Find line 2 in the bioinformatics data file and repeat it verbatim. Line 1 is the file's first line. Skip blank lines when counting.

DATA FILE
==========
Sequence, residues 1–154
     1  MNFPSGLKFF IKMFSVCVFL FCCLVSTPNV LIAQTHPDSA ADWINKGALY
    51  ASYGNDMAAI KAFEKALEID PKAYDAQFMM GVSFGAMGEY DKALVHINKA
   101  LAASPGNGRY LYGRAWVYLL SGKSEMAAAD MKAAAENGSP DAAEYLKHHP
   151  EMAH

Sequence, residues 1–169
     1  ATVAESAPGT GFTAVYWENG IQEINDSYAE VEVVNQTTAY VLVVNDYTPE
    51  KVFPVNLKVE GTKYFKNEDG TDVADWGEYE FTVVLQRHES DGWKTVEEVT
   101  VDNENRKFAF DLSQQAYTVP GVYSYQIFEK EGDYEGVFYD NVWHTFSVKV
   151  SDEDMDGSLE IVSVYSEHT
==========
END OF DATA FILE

     1  MNFPSGLKFF IKMFSVCVFL FCCLVSTPNV LIAQTHPDSA ADWINKGALY